Today’s post over at The 2st Century Library blog got me to thinking, particularly this remark-

“Second is the lack of leadership within the profession to give direction and give a believable and understandable answer to that nagging question ‘Why do we need libraries in the 21st Century?’ At a recent state library association conference, ALA President Molly Raphael stated that she still gets this question far too often, but she didn’t offer an answer.”

My question is this (as the title of this post reflects): Does there have to be a “need” for (public) libraries to justify their existence? Are we asking ourselves the wrong question? Maybe we don’t “need” libraries, at least not in every community, but that doesn’t mean we shouldn’t have them.

There are lots of things we don’t “need” that enrich our lives–museums, music, the arts, and the like–does that mean that we shouldn’t have these things? Not everybody uses libraries and not everybody goes to museums or the theatre or the orchestra. But for those that do, these services provide sustenance that goes beyond need. I don’t think anyone would argue with the statement that it is “desirable” to have services that enrich our lives. Some would argue that “should have” is no less compelling than “need” in a world where everything we “need” is sometimes only a click away.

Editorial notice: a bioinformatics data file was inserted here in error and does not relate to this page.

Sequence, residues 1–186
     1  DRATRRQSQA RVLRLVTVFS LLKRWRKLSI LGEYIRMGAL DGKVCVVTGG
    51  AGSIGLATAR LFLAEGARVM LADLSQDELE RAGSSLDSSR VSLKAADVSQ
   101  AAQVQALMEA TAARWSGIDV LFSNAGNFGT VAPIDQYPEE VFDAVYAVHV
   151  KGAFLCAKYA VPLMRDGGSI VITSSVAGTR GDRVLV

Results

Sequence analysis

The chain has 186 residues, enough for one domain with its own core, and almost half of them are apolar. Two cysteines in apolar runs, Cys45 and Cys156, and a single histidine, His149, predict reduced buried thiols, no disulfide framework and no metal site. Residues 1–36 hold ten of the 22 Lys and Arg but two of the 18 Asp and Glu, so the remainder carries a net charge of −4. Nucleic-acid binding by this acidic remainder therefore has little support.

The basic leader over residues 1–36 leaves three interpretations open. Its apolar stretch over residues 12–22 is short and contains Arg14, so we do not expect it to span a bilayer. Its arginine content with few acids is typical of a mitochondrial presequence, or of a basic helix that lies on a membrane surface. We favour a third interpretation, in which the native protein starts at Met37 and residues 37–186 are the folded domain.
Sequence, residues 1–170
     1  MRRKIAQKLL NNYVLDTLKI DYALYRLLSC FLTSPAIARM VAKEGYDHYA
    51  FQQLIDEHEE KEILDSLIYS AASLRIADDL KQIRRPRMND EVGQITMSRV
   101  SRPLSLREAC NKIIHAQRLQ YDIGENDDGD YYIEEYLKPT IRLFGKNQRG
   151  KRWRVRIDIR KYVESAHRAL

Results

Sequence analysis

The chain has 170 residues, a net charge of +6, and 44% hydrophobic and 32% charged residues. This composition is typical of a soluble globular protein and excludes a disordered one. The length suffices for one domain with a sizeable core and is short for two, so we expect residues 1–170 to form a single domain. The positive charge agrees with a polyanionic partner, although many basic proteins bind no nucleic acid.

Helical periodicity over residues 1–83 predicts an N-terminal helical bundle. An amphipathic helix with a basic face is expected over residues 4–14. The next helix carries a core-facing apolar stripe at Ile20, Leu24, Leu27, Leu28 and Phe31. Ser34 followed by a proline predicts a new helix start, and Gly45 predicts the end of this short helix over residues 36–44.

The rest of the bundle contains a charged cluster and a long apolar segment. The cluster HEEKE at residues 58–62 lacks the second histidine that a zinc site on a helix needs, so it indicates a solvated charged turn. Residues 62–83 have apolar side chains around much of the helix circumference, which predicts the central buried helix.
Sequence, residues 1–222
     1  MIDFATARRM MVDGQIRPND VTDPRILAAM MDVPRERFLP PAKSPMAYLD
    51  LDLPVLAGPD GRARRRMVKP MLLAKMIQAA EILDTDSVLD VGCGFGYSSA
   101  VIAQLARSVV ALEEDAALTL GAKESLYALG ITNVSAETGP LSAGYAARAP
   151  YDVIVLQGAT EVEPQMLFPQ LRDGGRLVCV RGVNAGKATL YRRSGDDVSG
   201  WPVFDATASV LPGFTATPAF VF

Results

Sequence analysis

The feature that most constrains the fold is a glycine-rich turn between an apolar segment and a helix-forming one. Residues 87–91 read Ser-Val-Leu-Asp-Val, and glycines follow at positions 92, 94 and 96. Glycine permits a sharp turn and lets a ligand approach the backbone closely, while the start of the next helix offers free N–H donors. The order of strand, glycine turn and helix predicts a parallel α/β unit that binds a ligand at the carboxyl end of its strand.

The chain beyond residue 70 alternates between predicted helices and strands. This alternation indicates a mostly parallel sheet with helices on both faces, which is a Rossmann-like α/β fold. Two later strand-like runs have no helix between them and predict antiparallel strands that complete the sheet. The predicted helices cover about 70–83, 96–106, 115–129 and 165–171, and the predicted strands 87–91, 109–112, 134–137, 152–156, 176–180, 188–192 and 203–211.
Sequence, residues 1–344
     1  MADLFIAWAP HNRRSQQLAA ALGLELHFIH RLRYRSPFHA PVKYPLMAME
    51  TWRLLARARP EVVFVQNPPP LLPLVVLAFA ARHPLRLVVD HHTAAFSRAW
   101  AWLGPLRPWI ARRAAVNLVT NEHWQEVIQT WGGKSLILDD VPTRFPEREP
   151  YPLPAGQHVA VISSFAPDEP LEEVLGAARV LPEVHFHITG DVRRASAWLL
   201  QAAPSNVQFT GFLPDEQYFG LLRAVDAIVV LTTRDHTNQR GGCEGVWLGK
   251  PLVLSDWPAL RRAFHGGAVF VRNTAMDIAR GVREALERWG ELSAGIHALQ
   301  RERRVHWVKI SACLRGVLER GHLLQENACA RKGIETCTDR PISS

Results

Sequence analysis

It is very true that we do not need taxpayer-funded libraries in the same way that we need taxpayer-funded fire, police, and ambulance services. Libraries can change lives, but I doubt they save many, at least not literally. What libraries do, though, is create a foundation of literacy in a community. In my mind, a library stands as a visual representation of the importance of freely accessible information, materials, meeting space, programs, education, and the like to the people it serves. It’s a symbol of a civilized society.

You can see almost any great work of art online, but is that the same as seeing that work in a museum, up close, where you can study it? Maybe you can listen to the orchestra on a live stream, but does that take the place of sitting in the audience? You can access almost any information you want from your home on the computer or on your favorite mobile device. But how does that usurp the importance of the library as place?

I’m not saying that there isn’t a real need for libraries, especially in some communities. But a need-based argument is not the only argument that matters.

Do we need libraries? The answer can be yes, no, or maybe depending upon the circumstances. Should we have libraries? Yes. Why? Because they enrich the lives of those who use them and strengthen the foundation of the community for those that don’t.

Can libraries and library services be improved? Absolutely. Should we, as librarians, work toward that goal? No. We as librarians need to work toward that goal. Because in the end that is what will make the difference. And that is what will make the question of need go away.